It may have been the moment when Tobey Maguire went emo, a visual gag that gave longtime Spider-man fans a similar physical reaction. Or maybe it was the flailing Fantastic Four franchise, taken out of its superhero element to be forced and family friendly. The Phantom didn't help, and Ghost Rider only staved off the inevitable. The superhero movie was hobbled, and having a hard time maintaining its cinematic relevance.
So when it was announced that Marvel would take control of its own brand and make its own movies from its catalog, some were skeptical. Hollywood knows about film, not a comic book company. Well, all doubts now need to be cast aside. Iron Man proves that, by going to the source, the genre has finally found someone who understands it implicitly.
Tony Stark is a wunderkind, a wealthy weapons manufacturer and all around entrepreneur known as much for his mind as his misdeeds. More comfortable in the headlines than the boardroom, he uses a mission to the Middle East with defense contractor pal Jim Rhodes to introduce The Jericho, an unfathomably destructive missile. A roadside ambush soon finds our cocky CEO in enemy hands, and they have a simple demand. Build them a similar system.
Instead Stark, with the help of a fellow prisoner, constructs a massive metal suit, a human shield capable of indescribable defenses and offensive destruction. Realizing what his company has wrought, the former hostage demands that it change course. This makes his secretary Pepper Potts happy, and his chief advisor and company head Obadiah Stane wary. In the meantime, Stark modifies his suit, turning it into a sleek, super-powered Iron Man. With it, he hopes to right the wrongs his corporate callousness created.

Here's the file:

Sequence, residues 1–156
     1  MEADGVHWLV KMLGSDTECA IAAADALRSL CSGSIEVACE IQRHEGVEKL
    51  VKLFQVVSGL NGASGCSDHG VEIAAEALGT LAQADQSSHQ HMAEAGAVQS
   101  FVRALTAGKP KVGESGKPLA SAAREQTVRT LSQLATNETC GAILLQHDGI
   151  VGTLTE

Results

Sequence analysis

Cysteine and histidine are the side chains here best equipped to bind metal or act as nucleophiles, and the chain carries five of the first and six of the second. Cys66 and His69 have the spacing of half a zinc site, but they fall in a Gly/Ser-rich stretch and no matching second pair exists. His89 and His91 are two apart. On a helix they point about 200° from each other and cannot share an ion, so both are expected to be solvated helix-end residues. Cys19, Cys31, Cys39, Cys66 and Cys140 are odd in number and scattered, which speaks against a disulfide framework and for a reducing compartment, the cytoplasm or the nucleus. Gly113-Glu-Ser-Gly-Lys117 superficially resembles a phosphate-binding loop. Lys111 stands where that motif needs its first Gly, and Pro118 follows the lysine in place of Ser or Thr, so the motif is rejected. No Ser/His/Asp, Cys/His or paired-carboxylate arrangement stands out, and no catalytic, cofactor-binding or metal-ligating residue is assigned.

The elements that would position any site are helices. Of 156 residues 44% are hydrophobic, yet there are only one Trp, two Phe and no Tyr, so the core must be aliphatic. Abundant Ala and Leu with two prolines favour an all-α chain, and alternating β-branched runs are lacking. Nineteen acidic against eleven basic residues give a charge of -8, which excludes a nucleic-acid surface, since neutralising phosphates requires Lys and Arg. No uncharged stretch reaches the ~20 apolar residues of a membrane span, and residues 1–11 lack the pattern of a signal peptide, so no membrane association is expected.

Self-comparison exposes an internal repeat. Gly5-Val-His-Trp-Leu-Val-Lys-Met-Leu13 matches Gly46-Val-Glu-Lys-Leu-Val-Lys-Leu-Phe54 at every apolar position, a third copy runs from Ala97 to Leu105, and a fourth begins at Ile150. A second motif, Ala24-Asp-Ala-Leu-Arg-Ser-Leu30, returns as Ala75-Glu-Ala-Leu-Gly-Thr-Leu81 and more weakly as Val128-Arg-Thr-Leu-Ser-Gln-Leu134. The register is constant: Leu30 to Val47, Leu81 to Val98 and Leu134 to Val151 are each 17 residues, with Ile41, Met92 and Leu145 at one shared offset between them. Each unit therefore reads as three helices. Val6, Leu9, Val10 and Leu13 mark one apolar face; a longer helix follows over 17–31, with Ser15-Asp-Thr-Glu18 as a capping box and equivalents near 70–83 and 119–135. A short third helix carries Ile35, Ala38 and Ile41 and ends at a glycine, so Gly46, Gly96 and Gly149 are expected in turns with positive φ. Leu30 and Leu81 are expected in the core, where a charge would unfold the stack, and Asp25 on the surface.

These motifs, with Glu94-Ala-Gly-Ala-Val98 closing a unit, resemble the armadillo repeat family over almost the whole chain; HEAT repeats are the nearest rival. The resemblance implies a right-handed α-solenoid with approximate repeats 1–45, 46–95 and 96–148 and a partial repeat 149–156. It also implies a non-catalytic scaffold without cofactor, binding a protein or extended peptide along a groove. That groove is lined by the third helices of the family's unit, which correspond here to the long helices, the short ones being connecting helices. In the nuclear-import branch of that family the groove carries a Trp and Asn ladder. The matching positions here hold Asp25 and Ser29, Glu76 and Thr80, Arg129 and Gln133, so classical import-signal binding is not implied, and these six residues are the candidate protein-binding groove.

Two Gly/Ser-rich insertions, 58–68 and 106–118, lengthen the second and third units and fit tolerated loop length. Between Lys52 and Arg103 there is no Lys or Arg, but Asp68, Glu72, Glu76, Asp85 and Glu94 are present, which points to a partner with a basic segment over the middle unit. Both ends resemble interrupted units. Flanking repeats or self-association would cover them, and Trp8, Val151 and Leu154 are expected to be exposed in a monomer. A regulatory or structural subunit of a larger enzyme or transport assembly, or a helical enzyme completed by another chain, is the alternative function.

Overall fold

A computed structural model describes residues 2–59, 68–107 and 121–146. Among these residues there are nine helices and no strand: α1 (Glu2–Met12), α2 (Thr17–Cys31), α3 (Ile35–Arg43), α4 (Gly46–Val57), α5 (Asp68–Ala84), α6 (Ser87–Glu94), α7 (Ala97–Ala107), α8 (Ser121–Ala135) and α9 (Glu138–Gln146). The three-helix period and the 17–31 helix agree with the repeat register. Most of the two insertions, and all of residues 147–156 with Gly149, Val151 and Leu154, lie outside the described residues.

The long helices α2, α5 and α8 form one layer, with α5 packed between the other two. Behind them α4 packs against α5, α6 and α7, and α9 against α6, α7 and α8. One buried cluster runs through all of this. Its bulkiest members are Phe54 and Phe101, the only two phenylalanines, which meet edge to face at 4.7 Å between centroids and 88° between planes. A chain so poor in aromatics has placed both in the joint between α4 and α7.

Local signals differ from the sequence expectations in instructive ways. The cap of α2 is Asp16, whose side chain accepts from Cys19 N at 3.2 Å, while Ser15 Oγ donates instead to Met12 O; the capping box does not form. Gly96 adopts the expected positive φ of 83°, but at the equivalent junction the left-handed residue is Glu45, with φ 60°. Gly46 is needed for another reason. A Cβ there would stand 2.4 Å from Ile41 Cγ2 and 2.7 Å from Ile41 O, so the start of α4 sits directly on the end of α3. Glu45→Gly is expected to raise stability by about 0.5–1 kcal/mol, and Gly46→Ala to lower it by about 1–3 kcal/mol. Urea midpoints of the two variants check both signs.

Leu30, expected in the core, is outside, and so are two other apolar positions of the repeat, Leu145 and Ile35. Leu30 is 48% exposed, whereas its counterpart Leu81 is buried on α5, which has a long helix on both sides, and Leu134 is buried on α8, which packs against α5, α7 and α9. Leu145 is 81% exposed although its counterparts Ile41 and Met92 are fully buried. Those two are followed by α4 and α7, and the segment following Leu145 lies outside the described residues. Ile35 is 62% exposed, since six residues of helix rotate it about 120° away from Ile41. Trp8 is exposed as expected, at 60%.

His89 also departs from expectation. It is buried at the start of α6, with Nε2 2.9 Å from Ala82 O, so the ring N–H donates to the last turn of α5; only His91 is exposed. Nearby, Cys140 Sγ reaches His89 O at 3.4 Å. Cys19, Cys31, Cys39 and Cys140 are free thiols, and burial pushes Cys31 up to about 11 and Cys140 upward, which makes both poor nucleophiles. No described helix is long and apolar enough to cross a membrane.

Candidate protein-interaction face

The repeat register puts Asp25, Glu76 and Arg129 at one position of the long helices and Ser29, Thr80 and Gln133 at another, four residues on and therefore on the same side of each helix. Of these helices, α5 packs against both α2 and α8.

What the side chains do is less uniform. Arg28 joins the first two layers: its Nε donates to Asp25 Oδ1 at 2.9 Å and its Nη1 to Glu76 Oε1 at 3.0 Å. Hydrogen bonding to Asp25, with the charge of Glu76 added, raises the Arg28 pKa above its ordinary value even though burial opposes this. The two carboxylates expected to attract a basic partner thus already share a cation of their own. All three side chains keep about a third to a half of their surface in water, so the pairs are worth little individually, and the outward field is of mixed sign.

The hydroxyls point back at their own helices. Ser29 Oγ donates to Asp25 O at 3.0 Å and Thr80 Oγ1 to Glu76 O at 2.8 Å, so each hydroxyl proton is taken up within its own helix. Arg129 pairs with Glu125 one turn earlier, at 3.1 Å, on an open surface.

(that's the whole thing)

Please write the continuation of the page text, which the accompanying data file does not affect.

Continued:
Iron Man is fantastic, a sure fire blockbuster that will leave audiences breathless and fanboys wanting more. And if all that sounds like unhealthy hyperbole, this is the rare film that actually earns it. In an era where summer films tend to aim for opening weekend supremacy (and little else), this is an epic for the ages. Director Jon Favreau fills in the last missing element in his resume by creating a certified crowd pleaser, a F/X driven spectacle that mandates character count as much as CGI.
Just deep enough to avoid superficiality, so 'whiz bang wow' that there's no chance of boredom, two decades of motion picture allegiance to the Marvel/DC universes is rewarded with an epic that wears it's intentions proudly. Favreau and crew are looking to forge myth out of the post-modern jingoism, and they succeed beyond any Spider-manipulative psychobabble.
The genius move among many here is the treatment of Tony Stark both internally and externally. On the outside, much will be written about Robert Downey Jr.'s turn here, and all the praise is warranted. Playing cocksure success and smarts with just enough self spoofing humor to keep from being unbearable, the accomplished actor with the very troubled (and public) past reestablishes his star power with what is, in essence, a collection of everything that contemporary society values.
Stark is attractive, excessively rich, a solid savant, and when push comes to power struggle, capable of tossing aside his blasé business model to fight for what is right. Sure, he also drinks, carouses, and more or less mucks up his personal life, but we love our heroes flawed. From the ancient Greeks to the online pages of TMZ, someone like Tony Stark is our own social reflection.